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Revista Española de Cardiología (English Edition) Revista Española de Cardiología (English Edition)
Rev Esp Cardiol. 2010;63:111-2 - Vol. 63 Num.01 DOI: 10.1016/S1885-5857(10)70017-7

A Case of Prolonged QT Interval and Torsades de Pointes Due to Ciprofloxacin

Jorge Salinas Arce a, Rubén Romero a, Paula Solorzano a

a Unidad de Arritmias, CardioGolf, Lima, Peru

Article

To the Editor,

We present the case of a male patient of 77 years who was referred with abdominal pain and fever lasting 3 days. With the diagnosis of cholangitis, parenteral treatment with ciprofloxacin 400 mg bid was started. After 48 h of antibiotic treatment, it was decided to perform an endoscopic retrograde cholangio-pancreatography, ERCP. On arriving at the endoscopy suite, the patient had syncope without prodrome, with rapid recovery. He was admitted to the intensive care unit, and repeatedly had wide polymorphic QRS tachycardia with regular rhythm, together with loss of consciousness and tonic-clonic movements that required electrical cardioversion on several occasions.

With the diagnosis of polymorphic ventricular tachycardia and long QT (QTc, 596 ms) (Figure 1), it was decided to implant a temporary pacemaker electrode with stimulation in the right ventricular apex at frequencies below 80 beats/min. After this, there were no new clinical or electrocardiographic episodes. After 72 h without ciprofloxacin, the temporary stimulation was withdrawn and the disappearance of changes in cardiac repolarisation was noted.

Figure 1. Electrocardiogram after administration of ciprofloxacin with QT of 620 ms and QTc of 560ms: diffuse changes in cardiac repolarisation.

Figure 1. Electrocardiogram after administration of ciprofloxacin with QT of 620 ms and QTc of 560ms: diffuse changes in cardiac repolarisation.

Values of potassium and magnesium were always within normal limits. The only unusual fact was that the echocardiogram showed a slight hypertrophy of the interventricular septum (12 mm in apical and middle segments).

A study of myocardial perfusion at discharge showed no ischaemia or fixed defects and during monitoring the patient suffered no further cardiovascular symptoms.

This was a case of a patient with cardiogenic syncope in relation with several episodes of polymorphic ventricular tachycardia and torsades de pointes (TdP). The prolongation of cardiac repolarisation in the ECG expressed by an increased QT interval is associated with an increased incidence of complex ventricular arrhythmias and sudden death.1

Numerous non cardiovascular drugs are associated with the prolongation of repolarisation. However, the group of quinolones and especially ciprofloxacin (an antibiotic widely used in our environment) are not seen in groups at high risk.2,3 In fact, ciprofloxacin is the quinolone less related to TdP when compared with levofloxacin or others.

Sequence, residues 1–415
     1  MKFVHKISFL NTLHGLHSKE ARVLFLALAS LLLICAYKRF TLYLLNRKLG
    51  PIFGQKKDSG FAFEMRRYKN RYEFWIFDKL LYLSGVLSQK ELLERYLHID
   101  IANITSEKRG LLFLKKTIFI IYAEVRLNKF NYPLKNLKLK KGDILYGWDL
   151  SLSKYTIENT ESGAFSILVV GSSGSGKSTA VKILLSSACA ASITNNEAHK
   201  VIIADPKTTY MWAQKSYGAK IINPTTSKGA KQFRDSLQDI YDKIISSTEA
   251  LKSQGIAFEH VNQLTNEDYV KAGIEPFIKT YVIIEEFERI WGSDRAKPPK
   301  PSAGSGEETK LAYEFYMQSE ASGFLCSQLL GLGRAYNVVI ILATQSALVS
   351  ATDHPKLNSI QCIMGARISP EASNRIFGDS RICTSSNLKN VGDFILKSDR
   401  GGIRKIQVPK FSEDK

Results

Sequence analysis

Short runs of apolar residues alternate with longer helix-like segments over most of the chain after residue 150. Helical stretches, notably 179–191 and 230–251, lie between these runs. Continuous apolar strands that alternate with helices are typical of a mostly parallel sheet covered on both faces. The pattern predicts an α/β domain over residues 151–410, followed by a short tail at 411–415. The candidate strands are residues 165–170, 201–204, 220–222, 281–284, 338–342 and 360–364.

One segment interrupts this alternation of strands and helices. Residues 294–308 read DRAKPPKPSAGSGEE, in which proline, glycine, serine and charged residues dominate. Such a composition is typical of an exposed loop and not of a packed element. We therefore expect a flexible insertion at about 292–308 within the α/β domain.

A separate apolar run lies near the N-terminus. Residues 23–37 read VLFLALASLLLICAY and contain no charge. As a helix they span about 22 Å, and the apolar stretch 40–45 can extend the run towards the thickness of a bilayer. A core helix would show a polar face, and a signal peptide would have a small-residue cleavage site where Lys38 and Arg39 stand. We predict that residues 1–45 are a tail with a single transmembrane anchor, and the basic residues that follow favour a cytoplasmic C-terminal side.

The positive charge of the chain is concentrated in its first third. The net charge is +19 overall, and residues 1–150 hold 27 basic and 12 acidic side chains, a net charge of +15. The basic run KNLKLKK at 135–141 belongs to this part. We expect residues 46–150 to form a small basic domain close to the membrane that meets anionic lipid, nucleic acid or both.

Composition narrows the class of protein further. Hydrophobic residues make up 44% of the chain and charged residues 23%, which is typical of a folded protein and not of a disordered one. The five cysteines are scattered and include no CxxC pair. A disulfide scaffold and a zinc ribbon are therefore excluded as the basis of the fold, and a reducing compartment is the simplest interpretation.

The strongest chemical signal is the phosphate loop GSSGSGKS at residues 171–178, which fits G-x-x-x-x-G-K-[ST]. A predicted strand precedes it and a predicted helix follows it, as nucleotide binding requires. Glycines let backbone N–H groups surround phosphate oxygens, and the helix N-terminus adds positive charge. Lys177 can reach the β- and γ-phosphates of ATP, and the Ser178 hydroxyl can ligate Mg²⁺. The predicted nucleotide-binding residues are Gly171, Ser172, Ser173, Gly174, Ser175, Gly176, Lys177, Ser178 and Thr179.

In the ECG in cases of long QT, TdP is initiated by a ventricular extrasystole coinciding with the peak of the T wave of the preceding beat (Figure 2). This extrasystole is generated spontaneously in Purkinje tissue by a phenomenon triggered by early afterpotentials, secondary to a longer than usual repolarisation.

Figure 2. A: plot showing non-sustained polymorphic ventricular tachycardia, with the onset preceded by long-short cycle of premature ventricular contraction (black arrows). B: plot showing syncope with polymorphic ventricular tachycardia: torsades de pointes.

Figure 2. A: plot showing non-sustained polymorphic ventricular tachycardia, with the onset preceded by long-short cycle of premature ventricular contraction (black arrows). B: plot showing syncope with polymorphic ventricular tachycardia: torsades de pointes.

Isoproterenol has been considered as an initial therapy against such arrhythmias, but the best method of preventing further suppression of TdP by suppressing the ectopic activity is the controlled increase in heart rate by external pacing, until the pharmacological effect causing it has disappeared,4 as happened with our patient after 72 h.

One point of contention is whether this effect on repolarisation is only secondary to the drug or part of a genetic predisposition with "silent" defects in the different myocardial ion channels. To investigate this, diagnostic strategies have been proposed, after the acute picture, such as pharmacological (adrenaline) or genetic studies to diagnose abnormalities of intermittent or hidden repolarisation.5

The mechanisms by which quinolones induce QT prolongation are not clear: different authors have found abnormalities in the IKr type potassium channels expressed by the prolongation of the action potential and dispersion of the repolarisation.6

Although the phenomenon described here is unusual, it is important to optimise care in clinical practice with the use of ciprofloxacin, especially at high doses and in patients predisposed to QT prolongation, such as those treated with non-potassium-sparing diuretics or with significant baseline bradycardia.

Bibliography

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1885-5857/© 2010 Sociedad Española de Cardiología. Published by Elsevier España, S.L.U. All rights reserved